Designing and creating your site is the first and most complex step in the web design process. If you have followed with me so far you can now see your site on your own computer, but it means little if you are not able to present your work to the outside world.

Before we start on the process to do so, we need to define a few terms.

First, a web server is simply a computer that has software installed to serve content to the web. There’s nothing special about the computer itself (or even the software), just its connection to the internet. You could turn your own computer into a web server, but in order to host a public web site it would have to have a 24/7 connection to the internet and an IP address (a computer address that translates to a domain name). You’d also have to keep the computer secure from intrusion. That’s too much effort for most, so we turn that service over to a web hosting provider, a company that specializes in hosting web sites. They will typically have a number of servers, mounted in racks, with a “big pipe” high speed connection to the internet.

Having a public website involves two steps. The first is choosing a domain name for your site, and paying for it. This process is known as domain registration. The second, often separate step is finding a hosting provider, paying them to host your site, mapping the domain you have purchased to their server(s), and uploading your site.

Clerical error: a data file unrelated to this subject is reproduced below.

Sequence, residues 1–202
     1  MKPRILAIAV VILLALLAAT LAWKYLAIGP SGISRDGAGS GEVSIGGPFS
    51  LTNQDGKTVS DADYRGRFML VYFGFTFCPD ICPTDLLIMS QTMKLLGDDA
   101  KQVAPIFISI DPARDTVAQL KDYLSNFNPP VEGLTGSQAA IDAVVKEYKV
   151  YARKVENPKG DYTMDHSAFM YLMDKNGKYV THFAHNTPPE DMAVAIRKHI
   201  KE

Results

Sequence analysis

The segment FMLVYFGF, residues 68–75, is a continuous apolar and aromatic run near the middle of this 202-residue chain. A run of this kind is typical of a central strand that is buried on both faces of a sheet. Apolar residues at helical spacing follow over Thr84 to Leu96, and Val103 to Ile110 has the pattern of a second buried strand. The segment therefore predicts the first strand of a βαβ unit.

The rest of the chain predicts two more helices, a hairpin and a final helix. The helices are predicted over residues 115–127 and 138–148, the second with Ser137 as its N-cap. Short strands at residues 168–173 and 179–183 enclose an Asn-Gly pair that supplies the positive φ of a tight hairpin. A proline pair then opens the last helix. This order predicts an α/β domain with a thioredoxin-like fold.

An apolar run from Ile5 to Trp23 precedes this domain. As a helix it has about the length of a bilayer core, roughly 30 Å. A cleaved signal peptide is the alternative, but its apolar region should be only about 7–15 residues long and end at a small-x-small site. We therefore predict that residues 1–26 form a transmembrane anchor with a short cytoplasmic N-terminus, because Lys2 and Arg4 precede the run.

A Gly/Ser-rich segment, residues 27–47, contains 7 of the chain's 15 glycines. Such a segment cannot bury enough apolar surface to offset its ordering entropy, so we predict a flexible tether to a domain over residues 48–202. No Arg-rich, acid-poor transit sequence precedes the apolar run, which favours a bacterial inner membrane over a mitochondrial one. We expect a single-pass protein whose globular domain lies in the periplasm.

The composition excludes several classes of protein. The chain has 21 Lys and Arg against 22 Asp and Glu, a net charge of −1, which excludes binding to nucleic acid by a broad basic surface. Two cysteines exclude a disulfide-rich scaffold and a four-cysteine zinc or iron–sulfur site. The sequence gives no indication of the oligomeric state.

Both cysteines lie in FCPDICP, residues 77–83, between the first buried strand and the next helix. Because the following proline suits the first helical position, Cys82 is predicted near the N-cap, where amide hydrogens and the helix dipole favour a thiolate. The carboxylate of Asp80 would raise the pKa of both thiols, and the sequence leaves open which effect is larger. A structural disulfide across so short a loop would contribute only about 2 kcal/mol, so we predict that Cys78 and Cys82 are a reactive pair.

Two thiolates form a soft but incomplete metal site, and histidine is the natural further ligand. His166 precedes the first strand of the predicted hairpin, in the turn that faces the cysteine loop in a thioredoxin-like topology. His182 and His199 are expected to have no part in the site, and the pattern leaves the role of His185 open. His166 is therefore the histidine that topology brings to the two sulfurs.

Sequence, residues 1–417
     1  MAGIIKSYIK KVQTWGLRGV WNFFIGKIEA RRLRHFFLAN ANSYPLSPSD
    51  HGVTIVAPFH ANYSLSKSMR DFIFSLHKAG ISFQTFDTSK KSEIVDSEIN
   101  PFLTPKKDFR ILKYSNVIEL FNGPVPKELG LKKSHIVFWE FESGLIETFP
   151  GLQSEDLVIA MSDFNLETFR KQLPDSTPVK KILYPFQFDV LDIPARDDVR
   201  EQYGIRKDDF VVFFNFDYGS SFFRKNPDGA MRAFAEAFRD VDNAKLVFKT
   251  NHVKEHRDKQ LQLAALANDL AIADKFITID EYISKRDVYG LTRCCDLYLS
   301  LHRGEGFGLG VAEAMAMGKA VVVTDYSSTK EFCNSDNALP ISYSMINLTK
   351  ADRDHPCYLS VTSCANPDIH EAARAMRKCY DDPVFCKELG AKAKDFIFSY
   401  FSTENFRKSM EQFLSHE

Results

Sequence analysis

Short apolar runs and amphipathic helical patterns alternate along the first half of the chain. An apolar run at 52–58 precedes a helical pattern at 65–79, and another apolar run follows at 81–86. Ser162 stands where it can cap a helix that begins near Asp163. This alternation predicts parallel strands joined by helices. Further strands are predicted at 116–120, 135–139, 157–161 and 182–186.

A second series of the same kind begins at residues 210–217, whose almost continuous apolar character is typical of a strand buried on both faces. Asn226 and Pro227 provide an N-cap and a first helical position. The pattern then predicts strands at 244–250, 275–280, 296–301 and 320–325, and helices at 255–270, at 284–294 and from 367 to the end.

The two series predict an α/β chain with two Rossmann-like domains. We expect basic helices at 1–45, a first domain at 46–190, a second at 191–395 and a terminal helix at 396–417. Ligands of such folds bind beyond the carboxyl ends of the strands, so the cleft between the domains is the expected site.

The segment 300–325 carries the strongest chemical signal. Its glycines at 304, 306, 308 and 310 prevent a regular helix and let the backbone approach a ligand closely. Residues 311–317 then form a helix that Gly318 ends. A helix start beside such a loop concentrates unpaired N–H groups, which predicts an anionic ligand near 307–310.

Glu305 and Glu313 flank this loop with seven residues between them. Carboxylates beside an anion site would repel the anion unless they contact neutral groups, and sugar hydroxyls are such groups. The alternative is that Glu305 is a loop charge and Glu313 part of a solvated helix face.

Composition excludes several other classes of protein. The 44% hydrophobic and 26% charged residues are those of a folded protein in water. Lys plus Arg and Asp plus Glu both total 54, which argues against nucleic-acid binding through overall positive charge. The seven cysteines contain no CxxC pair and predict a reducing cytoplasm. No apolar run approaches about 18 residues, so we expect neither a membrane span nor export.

While you can leave the technicalities of registering and finding a host to the client, there are several reasons you want to do it for yourself. The first is simple: money. Generally the client doesn’t want to deal with technical issues. For taking on these tasks you are compensated for your time, effort, and any markup you wish to charge on the actual costs involved in the registration process.

In addition, by registering and hosting the domain, you can remain the technical and administrative contact for the site. That means that you have the power of life and death over the site. If the client doesn’t pay, you can, ultimately, pull the site from public access.

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